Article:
Inferior Angle – Once you’ve located the Medial Border of the Scapula, you can continue to follow this down until you meet the bottom of the Scapula. This is known as the Inferior Angle and it feels a bit like a point (almost like the apex of your patella)

Lateral Border – You can now follow the edge of the scapula as it goes up onto the lateral edge. This is known as the lateral border which serves as attachment points to the Teres Major and Minor muscles…more of that to come in following posts! Asking your client to flex their arm or take it into something called Scaption, will allow you to palpate this landmark a little easier.

Whilst not covered in the video, Scaption is an abbreviation for scapular plane elevation. This is essentially where the scapula is taken into elevation however it does not denote whether the elevation is with an internal, external or neutral rotation.

Glenoid Fossa – This is not an easy nor recommended place to try to palpate on a person! As you’ll see in the video, this is where you’ve followed the lateral border up and the Glenoid Fossa is the socket to the ball and socket joint of the shoulder. it is also the articulation point between itself and the humeral head – hence Glenohumeral Joint (GH)

Head of the Humerus – More commonly known as the ball to the ball and socket! Ask your client to bend their arm so that their fingers touch their shoulder – If you look closely, you should be able to see a slight indentation at the shoulder – this is known as the Bicipital groove and it’s a landmark where the tendon of the long head of the Biceps sits into. You can then take your forefinger and thumb either side of the humeral head and ask them to flex the arm to a 90° angle with palm facing up, and rotate the arm laterally and medially. With your forefinger and thumb holding the humeral head, you should be able to feel the bicipital groove flicking under your fingers.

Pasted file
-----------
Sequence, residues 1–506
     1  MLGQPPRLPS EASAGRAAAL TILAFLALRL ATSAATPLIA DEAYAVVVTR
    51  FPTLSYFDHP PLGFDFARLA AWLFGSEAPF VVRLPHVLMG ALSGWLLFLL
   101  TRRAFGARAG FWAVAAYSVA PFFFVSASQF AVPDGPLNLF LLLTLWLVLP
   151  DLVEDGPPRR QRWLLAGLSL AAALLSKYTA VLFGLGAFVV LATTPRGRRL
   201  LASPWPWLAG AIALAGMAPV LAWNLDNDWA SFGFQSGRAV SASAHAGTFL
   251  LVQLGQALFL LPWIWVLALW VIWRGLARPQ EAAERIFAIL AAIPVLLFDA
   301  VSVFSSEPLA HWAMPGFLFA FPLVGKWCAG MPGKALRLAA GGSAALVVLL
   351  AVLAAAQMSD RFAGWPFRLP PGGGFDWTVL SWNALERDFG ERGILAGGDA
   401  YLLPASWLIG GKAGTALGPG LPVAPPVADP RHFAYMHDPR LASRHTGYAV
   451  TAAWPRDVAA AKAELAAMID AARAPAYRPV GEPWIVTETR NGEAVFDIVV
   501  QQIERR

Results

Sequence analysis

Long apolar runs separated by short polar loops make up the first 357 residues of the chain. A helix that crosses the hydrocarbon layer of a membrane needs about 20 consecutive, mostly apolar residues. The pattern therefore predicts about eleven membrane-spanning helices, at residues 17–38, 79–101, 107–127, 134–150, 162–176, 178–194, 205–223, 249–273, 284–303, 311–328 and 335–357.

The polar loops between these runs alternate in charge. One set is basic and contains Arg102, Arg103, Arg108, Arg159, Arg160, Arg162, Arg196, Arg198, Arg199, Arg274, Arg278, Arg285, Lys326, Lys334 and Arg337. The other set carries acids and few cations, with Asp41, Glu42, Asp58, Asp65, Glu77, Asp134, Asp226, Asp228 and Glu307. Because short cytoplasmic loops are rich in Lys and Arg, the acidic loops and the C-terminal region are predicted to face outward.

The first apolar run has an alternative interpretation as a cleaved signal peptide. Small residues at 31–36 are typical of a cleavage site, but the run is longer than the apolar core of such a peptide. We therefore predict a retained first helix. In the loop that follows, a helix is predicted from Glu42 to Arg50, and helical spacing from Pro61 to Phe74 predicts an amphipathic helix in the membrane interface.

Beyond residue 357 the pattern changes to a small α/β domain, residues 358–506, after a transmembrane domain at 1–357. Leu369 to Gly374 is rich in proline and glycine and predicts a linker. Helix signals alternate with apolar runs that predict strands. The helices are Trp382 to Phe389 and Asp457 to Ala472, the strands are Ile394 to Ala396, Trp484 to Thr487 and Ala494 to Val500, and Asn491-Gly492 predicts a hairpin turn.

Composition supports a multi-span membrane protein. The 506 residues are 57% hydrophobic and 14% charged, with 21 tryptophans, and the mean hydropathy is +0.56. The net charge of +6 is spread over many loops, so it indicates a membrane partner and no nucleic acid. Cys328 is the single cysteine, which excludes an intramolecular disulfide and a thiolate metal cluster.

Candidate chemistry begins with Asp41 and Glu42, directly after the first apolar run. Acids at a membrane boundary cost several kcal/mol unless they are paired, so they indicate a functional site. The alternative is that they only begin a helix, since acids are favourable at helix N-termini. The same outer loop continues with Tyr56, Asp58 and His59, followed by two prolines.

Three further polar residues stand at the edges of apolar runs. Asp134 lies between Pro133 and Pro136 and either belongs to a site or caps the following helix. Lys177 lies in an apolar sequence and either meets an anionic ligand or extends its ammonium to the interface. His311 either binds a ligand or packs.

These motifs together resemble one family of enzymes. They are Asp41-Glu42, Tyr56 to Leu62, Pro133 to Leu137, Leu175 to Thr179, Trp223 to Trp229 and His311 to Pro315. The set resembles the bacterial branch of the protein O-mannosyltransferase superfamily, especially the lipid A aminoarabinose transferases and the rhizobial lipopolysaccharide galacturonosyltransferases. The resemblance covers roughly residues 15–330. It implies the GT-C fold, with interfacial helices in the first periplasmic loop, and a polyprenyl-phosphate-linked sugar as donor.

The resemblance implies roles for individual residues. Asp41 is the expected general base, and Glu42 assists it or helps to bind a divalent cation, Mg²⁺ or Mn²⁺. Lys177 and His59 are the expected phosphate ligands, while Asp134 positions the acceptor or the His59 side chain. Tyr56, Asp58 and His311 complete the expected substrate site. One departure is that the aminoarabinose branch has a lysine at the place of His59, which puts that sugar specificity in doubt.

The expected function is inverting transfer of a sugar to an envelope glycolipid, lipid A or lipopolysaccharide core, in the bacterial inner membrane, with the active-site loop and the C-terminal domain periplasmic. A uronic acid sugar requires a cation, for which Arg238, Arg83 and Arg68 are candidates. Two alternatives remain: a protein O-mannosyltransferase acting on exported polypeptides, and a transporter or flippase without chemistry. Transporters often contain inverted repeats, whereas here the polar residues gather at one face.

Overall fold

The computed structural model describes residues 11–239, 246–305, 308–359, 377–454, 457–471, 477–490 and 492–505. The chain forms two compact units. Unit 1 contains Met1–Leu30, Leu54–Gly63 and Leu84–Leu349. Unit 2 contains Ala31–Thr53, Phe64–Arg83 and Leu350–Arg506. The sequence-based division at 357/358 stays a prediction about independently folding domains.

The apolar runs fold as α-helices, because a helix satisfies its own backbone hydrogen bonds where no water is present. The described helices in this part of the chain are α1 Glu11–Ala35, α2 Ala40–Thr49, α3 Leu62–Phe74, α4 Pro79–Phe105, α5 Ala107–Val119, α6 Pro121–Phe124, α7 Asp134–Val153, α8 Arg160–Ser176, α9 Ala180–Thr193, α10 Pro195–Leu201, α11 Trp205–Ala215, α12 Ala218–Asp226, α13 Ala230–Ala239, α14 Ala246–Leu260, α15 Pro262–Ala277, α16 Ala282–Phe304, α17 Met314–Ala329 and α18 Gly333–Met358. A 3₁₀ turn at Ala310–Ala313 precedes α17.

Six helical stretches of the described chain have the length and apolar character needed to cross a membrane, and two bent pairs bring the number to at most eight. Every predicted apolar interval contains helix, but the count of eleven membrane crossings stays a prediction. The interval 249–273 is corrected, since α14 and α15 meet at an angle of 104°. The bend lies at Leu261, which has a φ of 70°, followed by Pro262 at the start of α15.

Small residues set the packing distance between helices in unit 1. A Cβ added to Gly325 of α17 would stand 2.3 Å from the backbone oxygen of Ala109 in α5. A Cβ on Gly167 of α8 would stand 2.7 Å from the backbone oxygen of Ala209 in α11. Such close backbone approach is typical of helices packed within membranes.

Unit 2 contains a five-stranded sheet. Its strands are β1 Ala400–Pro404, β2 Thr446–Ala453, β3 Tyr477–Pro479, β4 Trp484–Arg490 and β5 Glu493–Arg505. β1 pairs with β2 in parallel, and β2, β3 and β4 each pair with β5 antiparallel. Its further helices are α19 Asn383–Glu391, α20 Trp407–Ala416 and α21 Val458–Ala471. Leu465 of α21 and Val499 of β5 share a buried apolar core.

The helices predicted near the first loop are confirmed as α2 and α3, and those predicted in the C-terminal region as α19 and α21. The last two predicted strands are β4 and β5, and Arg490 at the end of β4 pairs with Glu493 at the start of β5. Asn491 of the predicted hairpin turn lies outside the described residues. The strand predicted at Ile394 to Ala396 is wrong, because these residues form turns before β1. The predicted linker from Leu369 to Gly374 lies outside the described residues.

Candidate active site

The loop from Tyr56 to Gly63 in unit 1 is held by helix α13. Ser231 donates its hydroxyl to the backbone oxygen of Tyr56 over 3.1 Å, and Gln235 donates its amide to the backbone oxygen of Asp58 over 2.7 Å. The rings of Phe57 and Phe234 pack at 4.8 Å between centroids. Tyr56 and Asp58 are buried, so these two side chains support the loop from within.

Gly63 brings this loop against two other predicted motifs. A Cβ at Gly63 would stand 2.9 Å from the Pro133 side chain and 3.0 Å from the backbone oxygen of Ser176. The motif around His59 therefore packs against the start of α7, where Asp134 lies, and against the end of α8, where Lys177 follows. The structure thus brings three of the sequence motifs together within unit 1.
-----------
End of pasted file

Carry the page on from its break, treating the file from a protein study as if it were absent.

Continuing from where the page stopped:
Coracoid Process – Coming round to the front of the shoulder just off of the humeral head, you’ll now be looking for the Coracoid Process. Your client can continue to rotate their arm at that flexed 90° angle because what you’re feeling for is a bony protuberance which isn’t moving. The Coracoid Process forms the anterior aspect of your scapula and it can be often confused with the head of the humerus however by asking you client to continue that movement, it should help you to distinguish the bone which is moving versus the bony protuberance which is static.

Superior Border – Starting at the medial border, you can palpate superiorly (upwards) For a lot of people, there will be what feels like a ropy muscle at the top and this is the attachment point for the Levator Scapula (more on that in future posts!)

That concludes our exploration of the Landmarks of the Shoulder for today – We hope you’ve found this interesting!

Interested in learning more?

If you’re looking to learn more about the shoulder, we have our 2019 courses coming up over 2 weekends in 2 separate locations which are:

6th July in Ferndown

15th August in Gatwick

For more information you can either click here, or to book onto the course, please feel free to email us at